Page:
I also reject the suggestion that the change must be unexpected or unforeseen. This proposition was advanced in obiter dicta in the decisions in Prospective Adopters v SA  EWHC 327 (Fam) at [16-19] and in Prospective Adopters v London Borough of Tower Hamlets  EWFC 26 at . In the earlier case, Mostyn J stated:
“Obviously the words “a change in circumstances” are not intended to be read literally. As soon as the placement order is made circumstances will change if only by the effluxion of time. What Parliament clearly contemplated was proof of an unexpected change in the basic facts and expectations on which the court relied when it made the placement order.”
While in the later case he added:
“Obviously, changes that were clearly either foreseen or which were foreseeable at the time of the original order cannot qualify. Otherwise, the provision would be just another variation power.”
This approach finds no support in Re P, something that Mostyn J addressed in Re SA at :
“Re P did not however address the question which I have identified namely whether the change in circumstances should be unexpected. In my judgment, in the absence of a specific reference by Parliament to actually foreseen changes (in contrast to section 14(2)(a) of the Matrimonial Proceedings and Property Act 1970) the changes in question must be unexpected and must exclusively attach to the basic facts and expectations which underpinned the initial order.”
There are several reasons for rejecting this approach:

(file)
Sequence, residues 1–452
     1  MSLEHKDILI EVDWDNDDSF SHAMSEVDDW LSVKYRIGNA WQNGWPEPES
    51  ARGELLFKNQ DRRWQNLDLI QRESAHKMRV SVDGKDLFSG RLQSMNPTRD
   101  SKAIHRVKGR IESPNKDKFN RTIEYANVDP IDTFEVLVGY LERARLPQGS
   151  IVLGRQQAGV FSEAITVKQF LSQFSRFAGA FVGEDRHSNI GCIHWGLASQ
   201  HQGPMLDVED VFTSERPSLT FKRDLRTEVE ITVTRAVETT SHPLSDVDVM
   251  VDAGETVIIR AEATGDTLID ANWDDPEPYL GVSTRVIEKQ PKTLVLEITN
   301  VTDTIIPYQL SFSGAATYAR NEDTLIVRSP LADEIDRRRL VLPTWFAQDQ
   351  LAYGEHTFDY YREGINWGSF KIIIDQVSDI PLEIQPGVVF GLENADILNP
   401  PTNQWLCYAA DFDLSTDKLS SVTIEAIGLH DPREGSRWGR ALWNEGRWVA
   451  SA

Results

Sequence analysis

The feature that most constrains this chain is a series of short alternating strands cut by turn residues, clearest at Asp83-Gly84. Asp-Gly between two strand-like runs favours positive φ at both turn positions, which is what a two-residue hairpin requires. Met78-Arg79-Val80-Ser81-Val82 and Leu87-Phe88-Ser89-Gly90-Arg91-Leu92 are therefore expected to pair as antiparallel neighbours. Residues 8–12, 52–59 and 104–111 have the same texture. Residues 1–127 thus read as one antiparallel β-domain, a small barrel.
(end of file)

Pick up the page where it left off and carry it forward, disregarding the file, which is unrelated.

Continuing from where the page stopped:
(1) The language of the sub-section is simple and there is no reason to gloss it.
(2) In Re SA at  Mostyn J said that he intended to look at the provisions from first principles, but there was no occasion for him to do that. The issue of whether change must be unexpected, unforeseen or unforeseeable (and the concepts are not the same) did not arise in Re SA or in Tower Hamlets. The law had been recently and authoritatively stated in this court’s decisions in Re P and in Re B-S.
(3) The proposition was inspired by an analysis of statutory provisions relating to the court’s power to vary maintenance agreements: Re SA at [17-19]. Those provisions are irrelevant to legislation about the adoption of children. They concern changes of circumstance that occur following bargains made between the parties. The Act concerns placement orders imposed by the court for reasons of child welfare. The proper approach to construction will in each case be conditioned by the very different statutory purposes of these unrelated pieces of legislation.
(4) In the absence of a relevant contrary indication, the only conclusion that can reliably be drawn from the fact that a statute does not say whether a change of circumstances is foreseen or unforeseen is that it can be either. There is also a false logic to the argument that, because Parliament has amended one statute to provide that a change of circumstances may include a foreseen change of circumstances, every statute that does not do the same must mean the opposite.
(5) In the context of the Act, there is no reason whatever to raise the bar by burdening parents with the additional obligation of showing that the changes they rely upon were unexpected or, put another way, to deprive them of the opportunity to rely on changes that were foreseen or foreseeable. As Lord Justice Holroyde observed during argument, that would be very unfair. Expectations are not binary, foresight cannot be calibrated, and there may be a number of future possibilities of varying degrees of likelihood. For example, a parent may say at the placement order hearing that he will achieve sobriety or become drug-free, but the court may not be convinced. If, by the time of the adoption proceedings, he is sober, that cannot sensibly be regarded either as unexpected, unforeseen or unforeseeable simply because it was uncertain or because the alternative was more likely. Why should he be worse off for having achieved something the court foresaw as possible but did not consider probable?